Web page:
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Saturday, May 25, 2013

And He is Right

Rite of Spring produced by Joffrey Ballet

 Leonard Bernstein on Rite of Spring:

Bernstein's ideas about The Rite of Spring may come as a surprise. He didn't think of it as being all that radical.

"It's extremely tonal, despite all the talk about barbaric dissonance," he told Humphrey Burton in an interview included on this . "It is also extremely tuneful and dancy, rhythmically seductive, beguiling."

Seated at the piano for the interview, Bernstein dissects the jabbing chords near the beginning of The Rite, demonstrating how they are perfectly normal, just stacked in such a way that "makes a marvelous kind of savage sound."

"The minute you analyze these sounds," Bernstein says, "you find that they are traceable to the 19th century or even 18th century — the basic classical roots of tonal music."


Monday, May 20, 2013

Do Androids Dream of Electric Sheep?

When I grow up I want to write like Philip K. Dick --- without the real madness in my head of course.

His brand of eeriness is exactly the effect I want to create and can't. If I can do that I'd die a happy woman.

I don't think when he wrote the novel he was thinking about psychopathy, but his portrayal of empathy-less androids is precisely psychopaths.

Empathy, that's what makes one human. According to some researchers' claim, one in four among us is an android ... I mean psychopath.

The movie (Blade Runner) didn't get it.

Tuesday, May 7, 2013

Sketch: The Coach

"You see how she holds the edge?" She poked at the iPhone screen with a finger to play the video.

"Wow," was all I could say. The girl in the video covered the entire length of the rink in three strokes. It takes me three times as many wobbly steps.

"Bet your knees! Back straight! Tuck in!" She shouts at me as I stumble around on two feet. Good skating requires predominantly one-foot skating, preferably on one edge. (Each skate blade has two edges.)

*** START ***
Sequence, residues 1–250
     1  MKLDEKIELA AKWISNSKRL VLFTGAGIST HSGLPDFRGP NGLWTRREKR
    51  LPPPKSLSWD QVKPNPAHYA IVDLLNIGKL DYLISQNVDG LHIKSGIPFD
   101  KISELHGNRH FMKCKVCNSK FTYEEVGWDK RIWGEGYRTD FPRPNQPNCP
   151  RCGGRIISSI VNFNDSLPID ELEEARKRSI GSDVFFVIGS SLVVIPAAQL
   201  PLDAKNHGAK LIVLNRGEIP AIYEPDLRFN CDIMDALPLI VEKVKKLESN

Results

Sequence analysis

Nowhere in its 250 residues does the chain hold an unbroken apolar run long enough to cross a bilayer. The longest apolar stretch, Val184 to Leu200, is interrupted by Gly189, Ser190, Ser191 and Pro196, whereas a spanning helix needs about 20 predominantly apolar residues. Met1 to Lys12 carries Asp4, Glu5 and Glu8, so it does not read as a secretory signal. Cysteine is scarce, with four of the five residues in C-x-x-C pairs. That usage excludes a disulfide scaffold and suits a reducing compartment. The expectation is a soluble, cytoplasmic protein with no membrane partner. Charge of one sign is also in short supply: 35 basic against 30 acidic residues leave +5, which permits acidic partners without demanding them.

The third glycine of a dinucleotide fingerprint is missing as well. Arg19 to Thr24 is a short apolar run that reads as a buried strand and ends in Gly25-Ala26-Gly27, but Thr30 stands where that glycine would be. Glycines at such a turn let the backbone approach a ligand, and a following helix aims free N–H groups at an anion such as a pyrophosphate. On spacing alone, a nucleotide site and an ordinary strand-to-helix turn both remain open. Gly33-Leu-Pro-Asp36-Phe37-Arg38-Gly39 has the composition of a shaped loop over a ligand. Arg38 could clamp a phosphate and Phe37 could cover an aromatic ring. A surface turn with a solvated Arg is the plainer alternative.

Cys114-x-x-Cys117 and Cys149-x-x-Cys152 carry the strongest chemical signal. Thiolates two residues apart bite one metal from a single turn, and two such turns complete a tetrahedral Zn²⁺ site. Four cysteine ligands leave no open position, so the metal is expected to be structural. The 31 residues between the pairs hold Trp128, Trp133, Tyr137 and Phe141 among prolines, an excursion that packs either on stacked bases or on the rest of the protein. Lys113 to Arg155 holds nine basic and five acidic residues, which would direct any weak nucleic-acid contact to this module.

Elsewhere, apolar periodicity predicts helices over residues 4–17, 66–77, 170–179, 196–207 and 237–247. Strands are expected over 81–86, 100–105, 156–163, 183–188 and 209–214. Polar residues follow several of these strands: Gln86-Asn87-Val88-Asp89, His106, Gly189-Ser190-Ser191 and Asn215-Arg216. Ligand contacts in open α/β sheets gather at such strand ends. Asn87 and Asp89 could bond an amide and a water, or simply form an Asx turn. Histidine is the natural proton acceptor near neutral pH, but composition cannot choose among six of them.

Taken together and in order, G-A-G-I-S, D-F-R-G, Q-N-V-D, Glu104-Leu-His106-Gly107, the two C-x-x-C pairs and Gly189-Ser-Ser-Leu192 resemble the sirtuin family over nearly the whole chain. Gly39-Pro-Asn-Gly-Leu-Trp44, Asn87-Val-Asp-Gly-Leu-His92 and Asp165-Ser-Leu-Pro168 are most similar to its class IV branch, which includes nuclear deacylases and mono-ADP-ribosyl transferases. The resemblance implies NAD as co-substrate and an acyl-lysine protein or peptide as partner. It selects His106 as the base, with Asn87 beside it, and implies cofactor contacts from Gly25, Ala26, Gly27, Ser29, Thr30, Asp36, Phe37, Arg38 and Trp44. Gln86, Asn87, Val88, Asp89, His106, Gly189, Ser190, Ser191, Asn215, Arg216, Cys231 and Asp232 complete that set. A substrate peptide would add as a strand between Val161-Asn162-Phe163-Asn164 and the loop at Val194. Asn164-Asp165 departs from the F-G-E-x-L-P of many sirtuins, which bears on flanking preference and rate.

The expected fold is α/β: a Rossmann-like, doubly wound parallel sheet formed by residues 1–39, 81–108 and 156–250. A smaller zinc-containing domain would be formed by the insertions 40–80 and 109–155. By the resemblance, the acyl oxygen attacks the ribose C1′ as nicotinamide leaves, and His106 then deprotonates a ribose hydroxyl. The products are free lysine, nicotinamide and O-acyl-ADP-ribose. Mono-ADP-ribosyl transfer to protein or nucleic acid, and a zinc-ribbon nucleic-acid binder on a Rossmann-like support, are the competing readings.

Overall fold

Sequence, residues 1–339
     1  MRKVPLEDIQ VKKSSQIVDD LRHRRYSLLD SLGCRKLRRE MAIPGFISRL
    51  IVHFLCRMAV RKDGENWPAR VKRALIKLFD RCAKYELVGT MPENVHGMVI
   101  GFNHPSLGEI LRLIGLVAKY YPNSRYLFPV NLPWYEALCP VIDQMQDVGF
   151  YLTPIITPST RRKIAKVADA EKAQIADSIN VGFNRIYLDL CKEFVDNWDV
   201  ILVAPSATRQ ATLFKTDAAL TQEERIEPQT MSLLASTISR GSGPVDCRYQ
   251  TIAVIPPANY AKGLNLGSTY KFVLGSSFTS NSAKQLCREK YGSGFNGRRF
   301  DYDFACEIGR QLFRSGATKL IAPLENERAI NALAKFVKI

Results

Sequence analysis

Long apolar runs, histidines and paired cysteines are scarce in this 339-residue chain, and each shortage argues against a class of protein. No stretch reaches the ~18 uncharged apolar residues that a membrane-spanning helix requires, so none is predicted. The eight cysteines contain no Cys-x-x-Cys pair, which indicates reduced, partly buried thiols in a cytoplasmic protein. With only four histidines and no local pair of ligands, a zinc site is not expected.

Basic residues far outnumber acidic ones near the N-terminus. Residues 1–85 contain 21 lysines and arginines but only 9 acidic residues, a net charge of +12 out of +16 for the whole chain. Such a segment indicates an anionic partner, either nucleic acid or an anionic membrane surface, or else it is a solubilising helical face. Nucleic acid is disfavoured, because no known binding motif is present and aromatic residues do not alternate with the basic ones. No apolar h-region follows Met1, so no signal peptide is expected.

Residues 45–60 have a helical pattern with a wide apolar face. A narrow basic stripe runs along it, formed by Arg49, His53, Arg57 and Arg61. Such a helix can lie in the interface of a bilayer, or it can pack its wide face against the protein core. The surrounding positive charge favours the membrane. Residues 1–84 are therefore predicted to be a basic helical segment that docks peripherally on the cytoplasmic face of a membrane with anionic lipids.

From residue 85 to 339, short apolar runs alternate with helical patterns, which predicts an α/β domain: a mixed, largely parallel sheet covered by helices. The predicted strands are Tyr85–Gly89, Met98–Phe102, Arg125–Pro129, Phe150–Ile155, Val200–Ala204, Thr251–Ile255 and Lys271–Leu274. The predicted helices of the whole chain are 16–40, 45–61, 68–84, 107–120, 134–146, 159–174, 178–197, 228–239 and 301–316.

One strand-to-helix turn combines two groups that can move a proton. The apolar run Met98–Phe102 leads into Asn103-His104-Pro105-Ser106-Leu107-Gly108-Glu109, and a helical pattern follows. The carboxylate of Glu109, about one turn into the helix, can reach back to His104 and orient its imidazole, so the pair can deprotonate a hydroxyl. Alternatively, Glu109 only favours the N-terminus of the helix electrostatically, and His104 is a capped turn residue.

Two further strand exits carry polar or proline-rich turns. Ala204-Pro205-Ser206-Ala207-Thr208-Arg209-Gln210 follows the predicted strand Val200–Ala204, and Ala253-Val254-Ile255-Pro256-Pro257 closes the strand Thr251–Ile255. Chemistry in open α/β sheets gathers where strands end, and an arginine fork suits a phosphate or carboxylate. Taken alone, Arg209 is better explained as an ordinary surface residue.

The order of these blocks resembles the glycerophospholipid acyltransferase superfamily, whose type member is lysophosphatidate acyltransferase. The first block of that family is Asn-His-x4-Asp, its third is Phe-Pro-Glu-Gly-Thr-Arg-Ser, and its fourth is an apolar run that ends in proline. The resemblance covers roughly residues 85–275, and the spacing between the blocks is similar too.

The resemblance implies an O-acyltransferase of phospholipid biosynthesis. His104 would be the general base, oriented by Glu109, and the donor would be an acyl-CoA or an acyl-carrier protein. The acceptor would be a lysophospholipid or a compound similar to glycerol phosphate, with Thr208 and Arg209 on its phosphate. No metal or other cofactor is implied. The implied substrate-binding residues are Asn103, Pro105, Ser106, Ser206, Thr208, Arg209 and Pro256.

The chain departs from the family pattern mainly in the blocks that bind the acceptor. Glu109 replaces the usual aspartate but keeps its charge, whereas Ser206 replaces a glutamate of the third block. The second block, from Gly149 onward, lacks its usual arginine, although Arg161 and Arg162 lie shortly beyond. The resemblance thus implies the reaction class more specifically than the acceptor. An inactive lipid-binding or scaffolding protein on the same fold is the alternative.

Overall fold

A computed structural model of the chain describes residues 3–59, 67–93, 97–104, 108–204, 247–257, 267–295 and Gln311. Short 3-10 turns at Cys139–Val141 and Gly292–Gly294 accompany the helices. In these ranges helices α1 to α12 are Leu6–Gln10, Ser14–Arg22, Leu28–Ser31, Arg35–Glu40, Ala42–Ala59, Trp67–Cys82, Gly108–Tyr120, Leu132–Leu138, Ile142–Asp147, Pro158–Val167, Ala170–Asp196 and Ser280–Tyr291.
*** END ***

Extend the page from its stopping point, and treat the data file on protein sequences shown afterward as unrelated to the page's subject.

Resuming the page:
She's short with chubby cheeks but moves on ice like fish in water. And she seems to have a soft spot for complete newbies like me. Sure, any coach would want to hold the hands of cute little toddlers bundled up like teddy bears and teach them march-march-glide, but clumsy old legs and flabby middle-aged bodies stepping on the ice for the first time in our lives? Her eyes tracked her adult students with utmost seriousness.

"You just need more confidence," she said. "Take a longer stroke. Don't put the free leg down."

"I felt like I was falling over," I whined. Slamming the body onto the cold, hard white surface hurts. Scarier than the pain is the sense of losing control, not knowing one's place in space. 

"What?" She leaned in with a palm over the right ear. She's a bit deaf and wears hearing aids.

"I just need more practice," I raised my voice a little. She nodded and said she'd send me a couple of videos of off-ice exercise to do at home.

In off-ice chatting, she let it slip that she went to law school. I don't think she is practicing law though, knowing that she coaches skaters on weekdays. She also teaches mentally disabled kids speed skating. "My kids threw up on ice at the Special Olympics," she said with a laugh. "I took a shovel and got on the ice. And then we went right on." 

She talked about ice dancing with her father as girl in New York, on the rink by the Rockefeller Center. "It's the best memory of my life," she said dreamily. Her mother still lives in New York and she goes up regularly to visit. Of all the women I've met in figure skating fan circles, a large proportion have never married. I wonder whether it's the case with her as well. She mentioned she has never owned a house.

She may or may not have given up a career in law (a speculation to be confirmed), but her career in coaching is no doubt her ultimate calling. She never gets off the ice immediately after her coaching session is over. As she leaves us students to practice in public sessions, she would linger on ice and give a pointer or two to unsuspecting kids or adults gliding around. If they're interested, she would give them an impromptu --- and free --- mini-private lesson right there.

"My friend Debi Thomas ..." She remembered happily. Along with the off-ice exercise video links, she sent me another link of Debi Thomas doing her popular and hilarious Wanda Beezle character --- a stumbling new learner struggling to do the basic stuff. I bet I look just as bad as Wanda and unable to do most of the skills she does.

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